The fallacy of saving investment rather than environment
How ecologically damaging projects are perpetuating a fallacy
The past few months have witne - ssed several key moments in the debate over environment and justice. These include resignation of Union environment minister Jayanthi Natarajan, cancellation of Vedanta’s environmental clearance for mining in Niyamgiri and the go- ahead to POSCO for mining in the Kandadhar hills. One such develop ment was a statement by the Supreme Court regarding the allocation of coal mines. The court on January 8 asked the government not to use investments made in mining as a trump card for allowing projects in ecologically important areas. While this appears to be common sense, the statement is important in the current process of reaching an environmental verdict.
Till date in almost all cases where people have raised environmental and livelihood concerns about partially completed projects, the authorities have issued clearances based on the argument that the invested amount will go waste if the project is not continued. In economic terms, such an argument is called “sunk cost fallacy”. Failing to consider the investment as cost that is already “sunk” has been the deciding factor in settling several environmental cases. This is because, by the time courts hear the matter, industrial operations would have been kicked off using environmental and forest clearances by the state or Union ministries. Thus, a delay in addressing issues on ground, which is delib- erate in most cases, allows “sunk cost fallacy” to influence decision making.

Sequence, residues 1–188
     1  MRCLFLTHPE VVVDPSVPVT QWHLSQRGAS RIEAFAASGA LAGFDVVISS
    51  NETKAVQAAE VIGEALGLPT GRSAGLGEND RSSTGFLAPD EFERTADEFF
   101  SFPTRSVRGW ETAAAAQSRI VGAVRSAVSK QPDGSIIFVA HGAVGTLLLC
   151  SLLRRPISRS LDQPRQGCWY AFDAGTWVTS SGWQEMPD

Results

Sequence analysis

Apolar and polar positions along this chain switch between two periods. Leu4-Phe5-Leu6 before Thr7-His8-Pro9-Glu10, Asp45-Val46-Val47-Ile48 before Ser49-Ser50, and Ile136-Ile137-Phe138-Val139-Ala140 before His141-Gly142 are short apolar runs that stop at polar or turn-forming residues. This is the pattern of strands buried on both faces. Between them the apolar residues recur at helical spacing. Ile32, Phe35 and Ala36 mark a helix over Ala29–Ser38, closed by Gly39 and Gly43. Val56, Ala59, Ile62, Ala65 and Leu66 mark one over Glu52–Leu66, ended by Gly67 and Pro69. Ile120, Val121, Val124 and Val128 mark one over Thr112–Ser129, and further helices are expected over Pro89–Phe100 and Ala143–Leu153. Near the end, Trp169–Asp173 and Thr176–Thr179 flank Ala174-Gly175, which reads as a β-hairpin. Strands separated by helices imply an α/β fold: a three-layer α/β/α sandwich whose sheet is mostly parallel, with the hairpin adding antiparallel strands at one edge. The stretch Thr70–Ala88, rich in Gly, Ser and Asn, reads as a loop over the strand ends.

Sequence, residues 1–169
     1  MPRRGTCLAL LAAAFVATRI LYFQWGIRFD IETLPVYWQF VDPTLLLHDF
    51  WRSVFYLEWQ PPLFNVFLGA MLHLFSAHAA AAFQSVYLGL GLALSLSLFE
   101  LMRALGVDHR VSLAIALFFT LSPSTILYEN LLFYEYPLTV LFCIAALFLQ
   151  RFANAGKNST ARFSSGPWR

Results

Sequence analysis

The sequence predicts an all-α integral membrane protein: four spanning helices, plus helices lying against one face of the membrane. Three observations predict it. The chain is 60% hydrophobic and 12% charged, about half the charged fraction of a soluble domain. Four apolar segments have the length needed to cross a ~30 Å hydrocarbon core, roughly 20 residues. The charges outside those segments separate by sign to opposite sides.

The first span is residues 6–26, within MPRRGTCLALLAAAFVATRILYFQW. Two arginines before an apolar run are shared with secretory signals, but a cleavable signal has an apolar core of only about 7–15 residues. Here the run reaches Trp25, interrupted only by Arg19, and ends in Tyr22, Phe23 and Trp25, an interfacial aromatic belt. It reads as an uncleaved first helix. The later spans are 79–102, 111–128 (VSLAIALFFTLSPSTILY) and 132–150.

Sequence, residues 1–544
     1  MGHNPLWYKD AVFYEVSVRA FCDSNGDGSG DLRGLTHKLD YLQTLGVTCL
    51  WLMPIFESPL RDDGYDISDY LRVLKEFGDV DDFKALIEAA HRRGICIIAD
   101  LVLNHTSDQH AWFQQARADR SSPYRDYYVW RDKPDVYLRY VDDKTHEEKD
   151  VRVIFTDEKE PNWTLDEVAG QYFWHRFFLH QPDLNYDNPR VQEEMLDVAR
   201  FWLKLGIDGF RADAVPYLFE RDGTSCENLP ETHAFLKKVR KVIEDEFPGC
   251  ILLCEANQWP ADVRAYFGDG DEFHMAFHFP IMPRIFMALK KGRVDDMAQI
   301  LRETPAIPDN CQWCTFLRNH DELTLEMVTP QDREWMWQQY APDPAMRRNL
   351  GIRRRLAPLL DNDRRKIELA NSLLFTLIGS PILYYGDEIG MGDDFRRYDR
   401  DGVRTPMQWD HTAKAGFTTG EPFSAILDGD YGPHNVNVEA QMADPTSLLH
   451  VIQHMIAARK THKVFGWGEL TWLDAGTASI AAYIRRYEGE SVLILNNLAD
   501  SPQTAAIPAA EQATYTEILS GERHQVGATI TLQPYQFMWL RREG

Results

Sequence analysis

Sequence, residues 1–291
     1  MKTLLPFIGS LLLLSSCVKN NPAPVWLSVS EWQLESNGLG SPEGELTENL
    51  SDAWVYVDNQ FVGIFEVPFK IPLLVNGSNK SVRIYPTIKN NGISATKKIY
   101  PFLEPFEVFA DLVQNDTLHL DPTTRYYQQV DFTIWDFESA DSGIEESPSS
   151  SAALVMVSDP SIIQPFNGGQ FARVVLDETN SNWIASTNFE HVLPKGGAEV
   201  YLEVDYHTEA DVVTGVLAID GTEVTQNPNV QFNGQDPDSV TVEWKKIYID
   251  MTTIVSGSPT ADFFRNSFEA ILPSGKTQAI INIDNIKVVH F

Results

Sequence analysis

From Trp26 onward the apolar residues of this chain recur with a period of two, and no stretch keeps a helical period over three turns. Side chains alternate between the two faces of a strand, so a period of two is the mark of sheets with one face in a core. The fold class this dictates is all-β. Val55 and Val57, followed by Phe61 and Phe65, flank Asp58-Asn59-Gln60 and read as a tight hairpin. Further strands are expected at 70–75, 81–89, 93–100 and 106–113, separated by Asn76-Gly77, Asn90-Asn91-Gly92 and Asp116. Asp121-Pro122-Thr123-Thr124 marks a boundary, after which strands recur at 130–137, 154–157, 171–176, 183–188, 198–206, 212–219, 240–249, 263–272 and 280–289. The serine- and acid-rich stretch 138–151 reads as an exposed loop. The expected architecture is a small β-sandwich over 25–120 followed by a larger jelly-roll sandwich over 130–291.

Our research in Naupada wetlands of Srikakulam district, Andhra Pradesh, gave us a firsthand understanding of the issue. A coal-based thermal power plant is being constructed in the Kakarapalli swamp that is part of the much larger Naupada wetlands. The swamp is an important feeding area for migrant birds from Europe and Central Asia. It also functions as a flood cushion for agricultural fields in surrounding areas by absorbing seasonal surges from the streams originating in the Eastern Ghats. But ever since construction work has started in Kakarapalli, agricultural fields are increasingly being flooded. Filling and elevation of the wetland has altered its natural flood management system. In addition to agricultural losses to thousands of farmers, many fisherfolk have lost their livelihood.
Environmental clearance to proposed Sompeta power plant was cancelled only after three protesters died in police firing